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What are the effects of drug treatments for panic disorder?
  1. Shailesh Kumar1,
  2. Mark Oakley Browne2
  1. 1Division of Psychiatry
    Auckland Medical School
    New Zealand
  2. 2Professor of Rural Psychiatry
    Monash University
    Victoria, Australia

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This article is part of a new initiative in Evidence-based Mental Health, namely the serialisation of chapters of Clinical Evidence (a summary of the best available evidence on common clinical interventions updated regularly by the BMJ Publishing Group). This article is based on material presented in: . For this review, Clinical Evidence searched and appraised material published until May 2002. Studies with follow up periods of less than 6 months were excluded.

A panic attack is a period in which there is sudden onset of intense apprehension, fearfulness or terror, often associated with feelings of impending doom. Panic disorder occurs when there are recurrent, unpredictable attacks followed by at least 1 month of persistent concern about having another panic attack; worry about the possible implications or consequences of the panic attacks, or a significant behavioural change related to the attacks.1 The term “panic disorder” excludes panic attacks attributable to the direct physiological effects of a general medical condition, substance or another mental disorder. Panic disorder is sometimes categorised as “with” or “without agoraphobia.”1 Alternative categorisations focus on phobic anxiety disorders and specify agoraphobia with or without panic disorder.2

Prevalence

Panic disorder often starts around 20 years of age (between late adolescence and the mid-30s).3 Lifetime prevalence is 1–3%, and panic disorder is more common in women than in men.4 An Australian community study found 1 month prevalence rates for panic disorder (with or without agoraphobia) of 0.4% using International Classification of Diseases (ICD)-10 diagnostic criteria and of 0.5% using Diagnostic and Statistical Manual (DSM)-IV diagnostic criteria.5

Risk factors

Stressful life events tend to precede the onset of panic disorder,6,7 although a negative interpretation of these events in addition to their occurrence has been suggested as an important causal factor.8 Panic disorder is associated with major depression,9 social phobia, generalised anxiety disorder, obsessive compulsive disorder,10 and a substantial risk of drug and alcohol abuse.11 It is also associated with avoidant, histrionic and dependent personality disorders.10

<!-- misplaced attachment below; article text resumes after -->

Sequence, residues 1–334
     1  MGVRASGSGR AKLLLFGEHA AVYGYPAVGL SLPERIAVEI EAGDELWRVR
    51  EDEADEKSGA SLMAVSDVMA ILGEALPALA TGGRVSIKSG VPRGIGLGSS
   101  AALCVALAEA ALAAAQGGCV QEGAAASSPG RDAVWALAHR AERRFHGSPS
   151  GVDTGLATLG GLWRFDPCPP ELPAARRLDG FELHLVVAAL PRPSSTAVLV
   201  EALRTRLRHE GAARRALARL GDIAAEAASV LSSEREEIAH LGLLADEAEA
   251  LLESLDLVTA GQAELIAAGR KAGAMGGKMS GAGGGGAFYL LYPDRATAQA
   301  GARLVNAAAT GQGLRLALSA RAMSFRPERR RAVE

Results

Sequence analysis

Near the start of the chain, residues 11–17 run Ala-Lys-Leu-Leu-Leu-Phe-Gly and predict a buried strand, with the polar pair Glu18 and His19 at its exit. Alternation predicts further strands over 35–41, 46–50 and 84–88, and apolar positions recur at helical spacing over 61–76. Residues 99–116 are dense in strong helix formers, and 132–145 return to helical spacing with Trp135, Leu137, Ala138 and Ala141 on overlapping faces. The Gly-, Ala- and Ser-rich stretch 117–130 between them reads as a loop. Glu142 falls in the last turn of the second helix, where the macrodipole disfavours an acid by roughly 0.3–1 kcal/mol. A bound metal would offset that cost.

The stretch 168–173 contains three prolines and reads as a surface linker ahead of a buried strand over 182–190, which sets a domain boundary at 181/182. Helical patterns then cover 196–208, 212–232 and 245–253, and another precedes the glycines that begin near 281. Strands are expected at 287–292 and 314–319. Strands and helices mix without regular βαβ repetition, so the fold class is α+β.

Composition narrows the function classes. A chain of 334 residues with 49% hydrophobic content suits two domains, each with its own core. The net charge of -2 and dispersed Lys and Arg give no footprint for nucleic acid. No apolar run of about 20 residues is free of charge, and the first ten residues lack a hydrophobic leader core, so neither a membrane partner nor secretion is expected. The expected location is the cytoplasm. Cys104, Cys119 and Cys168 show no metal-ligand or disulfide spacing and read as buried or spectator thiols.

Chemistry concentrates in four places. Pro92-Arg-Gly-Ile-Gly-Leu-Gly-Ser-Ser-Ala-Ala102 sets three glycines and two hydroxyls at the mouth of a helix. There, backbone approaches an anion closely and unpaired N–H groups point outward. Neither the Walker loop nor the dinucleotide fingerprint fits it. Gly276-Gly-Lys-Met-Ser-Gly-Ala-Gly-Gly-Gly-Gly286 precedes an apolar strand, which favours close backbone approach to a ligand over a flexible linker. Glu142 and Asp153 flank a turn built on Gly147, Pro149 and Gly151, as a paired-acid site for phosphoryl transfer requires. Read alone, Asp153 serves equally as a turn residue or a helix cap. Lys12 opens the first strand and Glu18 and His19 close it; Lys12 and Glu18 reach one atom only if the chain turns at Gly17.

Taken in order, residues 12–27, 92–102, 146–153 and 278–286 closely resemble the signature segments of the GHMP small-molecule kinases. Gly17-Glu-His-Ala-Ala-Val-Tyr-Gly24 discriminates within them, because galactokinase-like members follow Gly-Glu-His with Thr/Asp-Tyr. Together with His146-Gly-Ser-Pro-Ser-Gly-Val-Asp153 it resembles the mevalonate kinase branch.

Prognosis

The severity of symptoms in people with panic disorder fluctuates considerably, with periods of no attacks, or only mild attacks with few symptoms, being common. There is often a long delay between the initial onset of symptoms and presentation for treatment. Recurrent attacks may continue for several years, especially if associated with agoraphobia. Reduced social or occupational functioning varies among people with panic disorder and is worse in people with associated agoraphobia. Panic disorder is also associated with an increased rate of attempted, but unsuccessful, suicide.12

Treatment aims

To reduce the severity and frequency of panic attacks, phobic avoidance, and anticipatory anxiety; to improve social and occupational functioning, with minimal adverse effects of treatment.

Key messages

Evidence that treatment is beneficialTrade off between benefits and harms
tricyclic antidepressants (imipramine)benzodiazepines
selective serotonin reuptake inhibitors
Unknown effectiveness
monoamine oxidase inhibitors
buspirone

Benzodiazepines

One systematic review and one additional randomised trial have found that alprazolam versus placebo significantly reduces the number of panic attacks and improves symptoms. However, benzodiazepines are associated with a wide range of adverse effects, both during their use and after treatment has been withdrawn.

Buspirone

Randomised controlled trials found insufficient evidence on the effects of buspirone versus placebo.

Monoamine oxidase inhibitors

We found no randomised controlled trials on the effects of monoamine oxidase inhibitors.

Selective serotonin reuptake inhibitors

Two systematic reviews and one additional randomised controlled trial have found that selective serotonin reuptake inhibitors versus placebo improve symptoms in panic disorder. One randomised controlled trial found that discontinuation of sertraline in people with a good response significantly increased exacerbation of symptoms.

Tricyclic antidepressants (imipramine)

One systematic review and subsequent randomised controlled trials have found that imipramine versus placebo significantly improves symptoms. One randomised controlled trial found that imipramine significantly reduced relapse rates over 12 months.

Outcomes

Measures of panic attacks, agoraphobia, and associated disability (self reported and clinician rated, before and after treatment and longer term) using general scales or specific scales for panic disorder (eg the panic and agoraphobia scale, the mobility inventory for agoraphobia).

What are the effects of tricyclic antidepressants for panic disorder?